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Identify current foodborne illness statistics including estimated number of cases, hospitalizations, and deaths that occur annually in the United States.

More than 200 known diseases are transmitted through food. The causes of foodborne illness include viruses, bacteria, parasites, toxins, metals, and prions (infectious proteins that have a unique way or replicating and are believed to be the cause of BSE). The symptoms of foodborne illness range from mild gastroenteritis to more severe and even life-threatening complications, such as neurologic, hepatic, and renal syndromes. In the past it has been estimated that between 6 million and 81 million illnesses and up to 9,000 deaths occurred each year as a result of foodborne illness. However, with ongoing changes in the food supply, the identification of new foodborne diseases, and the availability of new surveillance data, these figures are obsolete.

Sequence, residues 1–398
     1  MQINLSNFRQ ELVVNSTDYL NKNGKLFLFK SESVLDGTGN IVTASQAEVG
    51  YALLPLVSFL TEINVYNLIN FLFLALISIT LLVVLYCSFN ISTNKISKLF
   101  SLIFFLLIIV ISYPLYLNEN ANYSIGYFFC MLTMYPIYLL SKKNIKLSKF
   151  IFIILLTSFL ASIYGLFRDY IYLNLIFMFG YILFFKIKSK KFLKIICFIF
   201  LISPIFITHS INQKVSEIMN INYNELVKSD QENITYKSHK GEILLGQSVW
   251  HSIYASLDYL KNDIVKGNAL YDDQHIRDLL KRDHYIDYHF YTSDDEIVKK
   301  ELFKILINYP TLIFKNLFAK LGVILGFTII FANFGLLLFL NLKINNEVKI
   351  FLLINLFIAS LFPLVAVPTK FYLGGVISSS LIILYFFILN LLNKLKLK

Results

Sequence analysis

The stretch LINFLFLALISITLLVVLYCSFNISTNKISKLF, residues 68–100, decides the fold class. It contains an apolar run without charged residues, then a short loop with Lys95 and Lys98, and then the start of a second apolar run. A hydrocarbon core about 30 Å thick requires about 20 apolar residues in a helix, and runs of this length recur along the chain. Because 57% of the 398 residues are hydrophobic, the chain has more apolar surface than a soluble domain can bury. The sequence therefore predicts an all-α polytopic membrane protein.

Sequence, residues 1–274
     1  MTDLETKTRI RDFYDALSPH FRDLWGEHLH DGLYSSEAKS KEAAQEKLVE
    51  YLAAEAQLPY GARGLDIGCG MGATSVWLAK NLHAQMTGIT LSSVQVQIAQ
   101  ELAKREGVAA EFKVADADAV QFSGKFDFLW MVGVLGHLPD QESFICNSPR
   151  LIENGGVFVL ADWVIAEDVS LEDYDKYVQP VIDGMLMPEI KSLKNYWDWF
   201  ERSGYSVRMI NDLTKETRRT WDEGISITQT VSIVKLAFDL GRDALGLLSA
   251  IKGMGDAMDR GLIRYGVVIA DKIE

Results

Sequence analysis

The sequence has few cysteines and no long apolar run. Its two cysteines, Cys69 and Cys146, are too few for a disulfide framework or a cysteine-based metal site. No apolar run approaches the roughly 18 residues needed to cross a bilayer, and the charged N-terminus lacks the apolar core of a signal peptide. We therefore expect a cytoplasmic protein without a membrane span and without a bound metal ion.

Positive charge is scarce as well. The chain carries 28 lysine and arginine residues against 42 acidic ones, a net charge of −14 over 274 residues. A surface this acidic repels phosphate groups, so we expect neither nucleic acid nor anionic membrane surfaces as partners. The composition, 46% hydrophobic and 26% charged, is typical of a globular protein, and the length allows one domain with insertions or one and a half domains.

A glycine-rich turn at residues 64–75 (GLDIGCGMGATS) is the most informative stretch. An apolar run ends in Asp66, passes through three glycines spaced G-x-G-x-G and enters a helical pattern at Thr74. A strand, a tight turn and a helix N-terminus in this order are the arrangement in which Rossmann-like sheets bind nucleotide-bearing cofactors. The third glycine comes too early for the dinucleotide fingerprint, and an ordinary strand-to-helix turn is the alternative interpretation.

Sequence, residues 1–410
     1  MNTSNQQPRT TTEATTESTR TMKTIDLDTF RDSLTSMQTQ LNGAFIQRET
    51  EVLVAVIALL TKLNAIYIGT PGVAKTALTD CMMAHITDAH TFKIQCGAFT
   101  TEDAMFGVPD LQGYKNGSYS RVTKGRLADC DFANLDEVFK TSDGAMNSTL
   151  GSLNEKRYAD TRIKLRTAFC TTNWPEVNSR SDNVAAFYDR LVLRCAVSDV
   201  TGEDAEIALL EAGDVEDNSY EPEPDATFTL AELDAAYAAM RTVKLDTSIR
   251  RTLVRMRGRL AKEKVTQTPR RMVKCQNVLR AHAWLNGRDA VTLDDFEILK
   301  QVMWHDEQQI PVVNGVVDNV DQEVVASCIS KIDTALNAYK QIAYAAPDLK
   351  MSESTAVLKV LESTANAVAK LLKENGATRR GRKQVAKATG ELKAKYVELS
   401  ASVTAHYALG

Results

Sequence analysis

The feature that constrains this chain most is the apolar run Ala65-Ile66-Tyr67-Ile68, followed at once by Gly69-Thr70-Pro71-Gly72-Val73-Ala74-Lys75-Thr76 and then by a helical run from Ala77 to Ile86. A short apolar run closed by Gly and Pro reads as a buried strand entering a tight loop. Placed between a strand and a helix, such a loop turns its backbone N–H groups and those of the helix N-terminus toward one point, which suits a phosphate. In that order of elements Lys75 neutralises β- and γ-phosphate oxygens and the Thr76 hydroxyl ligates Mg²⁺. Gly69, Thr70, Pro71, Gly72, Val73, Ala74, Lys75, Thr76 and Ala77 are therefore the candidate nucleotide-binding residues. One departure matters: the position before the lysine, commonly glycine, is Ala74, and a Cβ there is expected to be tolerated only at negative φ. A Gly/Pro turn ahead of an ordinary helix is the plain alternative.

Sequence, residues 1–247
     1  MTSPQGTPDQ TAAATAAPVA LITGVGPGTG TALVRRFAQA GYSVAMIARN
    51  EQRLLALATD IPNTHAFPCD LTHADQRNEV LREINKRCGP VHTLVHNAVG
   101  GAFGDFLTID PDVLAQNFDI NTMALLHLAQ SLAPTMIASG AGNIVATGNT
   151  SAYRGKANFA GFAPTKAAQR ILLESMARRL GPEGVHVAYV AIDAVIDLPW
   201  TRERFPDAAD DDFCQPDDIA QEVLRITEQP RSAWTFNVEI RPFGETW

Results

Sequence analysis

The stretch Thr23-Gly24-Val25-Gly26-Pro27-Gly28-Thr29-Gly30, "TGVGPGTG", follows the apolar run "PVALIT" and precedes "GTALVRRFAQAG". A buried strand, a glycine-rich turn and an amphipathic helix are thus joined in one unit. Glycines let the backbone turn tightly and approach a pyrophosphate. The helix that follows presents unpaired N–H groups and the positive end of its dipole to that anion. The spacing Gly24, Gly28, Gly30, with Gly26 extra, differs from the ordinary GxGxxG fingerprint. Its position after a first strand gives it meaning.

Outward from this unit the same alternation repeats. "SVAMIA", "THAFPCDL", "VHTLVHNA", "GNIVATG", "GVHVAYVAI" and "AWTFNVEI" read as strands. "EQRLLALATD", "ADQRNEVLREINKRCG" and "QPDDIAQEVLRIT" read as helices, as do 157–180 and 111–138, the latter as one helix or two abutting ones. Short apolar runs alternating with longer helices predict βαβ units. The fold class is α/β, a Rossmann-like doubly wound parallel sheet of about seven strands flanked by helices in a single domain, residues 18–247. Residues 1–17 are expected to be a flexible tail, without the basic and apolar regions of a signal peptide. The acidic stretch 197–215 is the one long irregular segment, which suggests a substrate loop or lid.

It is now estimated that 76 million cases of foodborne disease occur each year in the United States. Most cases are mild and cause symptoms for only a day or two. Some cases are more serious, and CDC estimates that there are 325,000 hospitalizations and 5,000 deaths related to foodborne diseases each year. The most severe cases tend to occur in the very old, the very young, those who have an illness already that reduces their immune system function, and in healthy people exposed to a very high dose of an organism.

     Related links:

       Food-Related Illness and Death in the United States

       Surveillance for Foodborne Disease Outbreaks

       Preliminary FoodNet Data on the Incidence of Foodborne Illnesses

Mead, P.S., L. Slutsker, V. Dietz, L.F. McCaig, J.S. Bresee, C. Shapiro, P.M. Griffin, and R.V. Tauxe. 1999. Food-related illness and death in the U.S. Emerging Infectious Diseases 5:607-625. The complete publication available on-line at: